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Biden Authorizes $345 Million Worth of Weapons for Taiwan, Riling Chinese Authorities

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Biden Authorizes $345 Million Worth of Weapons for Taiwan, Riling Chinese Authorities

Title: President Biden Approves $345 Million Worth of Weapons for Taiwan Amidst Chinese Displeasure

Date: July 30, 2023

In a move that is likely to strain US-China relations further, President Joe Biden has authorized the US Department of Defense to supply Taiwan with up to $345 million worth of advanced weaponry. This military aid package, approved by the US Congress, has the potential to provoke a strong reaction from Chinese authorities.

The White House has chosen not to disclose the specifics of the military aid package; however, reports from Reuters suggest that it may include 44 units of an MQ-9A reconnaissance drone. The inclusion of this drone, which is equipped with advanced equipment typically limited to the US Air Force, hinges on agreements regarding modifications and payment. While details remain uncertain, Taiwan has already committed to purchasing four MQ-9B Ocean Guardian drones manufactured by General Atomics, with delivery expected in 2025.

Expressing gratitude for the United States‘ “firm security commitment,” Taiwan’s Ministry of Defense refrained from commenting on specific details, citing a “tacit understanding” between the two nations. The US Defense Secretary, Lloyd Austin, had previously hinted at additional arms assistance to Taiwan in his statements to the US Senate back on May 16. He expressed enthusiasm over the forthcoming security assistance, made possible by the presidential withdrawal authorization approved by Congress last year.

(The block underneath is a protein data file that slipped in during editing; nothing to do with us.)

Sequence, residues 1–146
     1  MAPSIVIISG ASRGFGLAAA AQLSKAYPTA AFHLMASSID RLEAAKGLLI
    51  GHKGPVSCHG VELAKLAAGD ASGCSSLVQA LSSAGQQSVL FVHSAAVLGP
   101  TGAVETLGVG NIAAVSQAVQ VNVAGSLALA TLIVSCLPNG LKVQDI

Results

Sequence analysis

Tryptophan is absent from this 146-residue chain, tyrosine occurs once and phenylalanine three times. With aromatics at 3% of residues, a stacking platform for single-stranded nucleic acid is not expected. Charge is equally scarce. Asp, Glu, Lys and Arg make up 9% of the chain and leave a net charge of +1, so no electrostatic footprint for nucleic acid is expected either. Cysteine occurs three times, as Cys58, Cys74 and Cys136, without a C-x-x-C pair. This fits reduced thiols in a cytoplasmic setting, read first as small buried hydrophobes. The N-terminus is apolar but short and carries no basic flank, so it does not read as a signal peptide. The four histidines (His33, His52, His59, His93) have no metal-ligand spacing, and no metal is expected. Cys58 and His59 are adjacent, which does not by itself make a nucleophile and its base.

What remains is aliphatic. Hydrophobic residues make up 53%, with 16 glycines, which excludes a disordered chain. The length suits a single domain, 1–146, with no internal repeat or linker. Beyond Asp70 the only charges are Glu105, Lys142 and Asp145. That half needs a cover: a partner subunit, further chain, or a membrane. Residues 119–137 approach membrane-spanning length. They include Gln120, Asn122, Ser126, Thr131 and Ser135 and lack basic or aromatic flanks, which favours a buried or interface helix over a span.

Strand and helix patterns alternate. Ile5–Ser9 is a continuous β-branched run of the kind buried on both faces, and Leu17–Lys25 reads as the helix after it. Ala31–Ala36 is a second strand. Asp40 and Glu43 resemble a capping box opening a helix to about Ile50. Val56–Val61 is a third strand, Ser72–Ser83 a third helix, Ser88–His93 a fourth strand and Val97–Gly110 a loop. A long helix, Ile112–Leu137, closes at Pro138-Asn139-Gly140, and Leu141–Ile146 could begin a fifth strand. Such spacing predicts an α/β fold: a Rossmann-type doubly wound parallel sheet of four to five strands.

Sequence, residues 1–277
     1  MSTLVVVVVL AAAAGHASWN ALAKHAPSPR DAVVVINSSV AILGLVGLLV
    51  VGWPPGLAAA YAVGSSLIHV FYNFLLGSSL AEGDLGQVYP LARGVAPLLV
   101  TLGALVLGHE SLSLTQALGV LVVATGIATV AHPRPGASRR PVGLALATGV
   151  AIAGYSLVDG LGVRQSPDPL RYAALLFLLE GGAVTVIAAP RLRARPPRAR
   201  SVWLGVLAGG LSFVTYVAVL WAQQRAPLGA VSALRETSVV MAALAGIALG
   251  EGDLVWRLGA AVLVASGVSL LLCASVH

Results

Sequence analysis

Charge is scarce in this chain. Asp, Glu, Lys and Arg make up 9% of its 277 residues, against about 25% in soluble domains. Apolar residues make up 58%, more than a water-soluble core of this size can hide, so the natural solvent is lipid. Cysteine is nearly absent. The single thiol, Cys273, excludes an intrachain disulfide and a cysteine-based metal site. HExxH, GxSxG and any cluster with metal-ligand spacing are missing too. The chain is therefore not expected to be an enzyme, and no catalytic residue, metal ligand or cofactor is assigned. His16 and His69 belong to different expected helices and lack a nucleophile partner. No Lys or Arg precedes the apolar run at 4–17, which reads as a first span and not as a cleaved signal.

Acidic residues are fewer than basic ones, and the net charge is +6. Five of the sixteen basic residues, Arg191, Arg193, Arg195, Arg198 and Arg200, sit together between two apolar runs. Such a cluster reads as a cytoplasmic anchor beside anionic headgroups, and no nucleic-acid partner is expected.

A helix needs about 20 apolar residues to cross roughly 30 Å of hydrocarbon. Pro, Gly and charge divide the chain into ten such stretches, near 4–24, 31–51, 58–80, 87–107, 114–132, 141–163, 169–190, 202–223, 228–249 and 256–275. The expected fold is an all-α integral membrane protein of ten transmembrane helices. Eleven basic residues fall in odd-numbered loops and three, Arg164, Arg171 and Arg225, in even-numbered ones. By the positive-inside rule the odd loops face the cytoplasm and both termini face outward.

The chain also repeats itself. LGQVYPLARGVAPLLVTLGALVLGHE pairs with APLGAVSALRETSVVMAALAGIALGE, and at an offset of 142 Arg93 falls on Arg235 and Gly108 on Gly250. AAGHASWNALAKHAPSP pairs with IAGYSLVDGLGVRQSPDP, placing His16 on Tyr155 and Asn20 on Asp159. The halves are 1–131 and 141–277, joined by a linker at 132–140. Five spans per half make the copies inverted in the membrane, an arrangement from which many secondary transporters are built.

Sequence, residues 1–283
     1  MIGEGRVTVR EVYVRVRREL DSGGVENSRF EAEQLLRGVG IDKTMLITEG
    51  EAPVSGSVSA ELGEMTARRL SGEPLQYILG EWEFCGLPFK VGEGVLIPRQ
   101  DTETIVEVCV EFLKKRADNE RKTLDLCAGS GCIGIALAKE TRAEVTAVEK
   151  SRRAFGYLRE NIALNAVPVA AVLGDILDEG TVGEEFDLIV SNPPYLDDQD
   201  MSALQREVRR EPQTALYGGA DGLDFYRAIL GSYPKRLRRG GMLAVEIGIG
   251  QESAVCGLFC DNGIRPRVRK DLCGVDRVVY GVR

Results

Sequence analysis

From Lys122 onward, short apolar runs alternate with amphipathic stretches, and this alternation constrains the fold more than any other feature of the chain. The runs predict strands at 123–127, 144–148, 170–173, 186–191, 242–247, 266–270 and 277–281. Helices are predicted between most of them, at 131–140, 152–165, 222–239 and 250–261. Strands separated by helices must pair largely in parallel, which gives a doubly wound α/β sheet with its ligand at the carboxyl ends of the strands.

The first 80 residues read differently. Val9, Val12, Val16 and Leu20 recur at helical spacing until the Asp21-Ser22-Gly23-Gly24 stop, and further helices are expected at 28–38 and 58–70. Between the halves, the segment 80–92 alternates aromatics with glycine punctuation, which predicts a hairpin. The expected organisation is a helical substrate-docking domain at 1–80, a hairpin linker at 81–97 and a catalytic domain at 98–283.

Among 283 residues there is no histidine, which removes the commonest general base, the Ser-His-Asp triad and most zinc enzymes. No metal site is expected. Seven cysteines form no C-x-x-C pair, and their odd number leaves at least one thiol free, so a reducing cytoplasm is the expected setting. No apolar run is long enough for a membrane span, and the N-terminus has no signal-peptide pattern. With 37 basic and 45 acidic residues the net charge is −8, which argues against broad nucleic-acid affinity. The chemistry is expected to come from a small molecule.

The urgency for increasing aid to Taiwan has been echoed by Gen. Mike Milley, chairman of the US Army’s Joint Chiefs of Staff. During a visit to Tokyo, he emphasized the need for the US and its allies to expedite the process of strengthening Taiwan’s defense capabilities. Milley opined that the rate of assistance provided to Taiwan may need to accelerate in the coming years.

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It is worth noting that the US Presidential Withdrawal Authorization (PDA) has historically been employed for emergency situations. However, the case of Taiwan is unique, as this non-emergency authorization was specifically approved by Congress in the previous year. The authorization allows for the transfer of items and services from US stockpiles to expedite security assistance to Taiwan.

Given the contentious nature of US-China relations and China’s persistent demand for the US to halt arms sales to Taiwan, President Biden’s decision is sure to provoke a strong reaction from Chinese authorities. As tensions escalate, Chinese-US relations are likely to face new challenges that could have broader implications not only for the US and China but also for regional stability.

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Editor in charge: Lin Li

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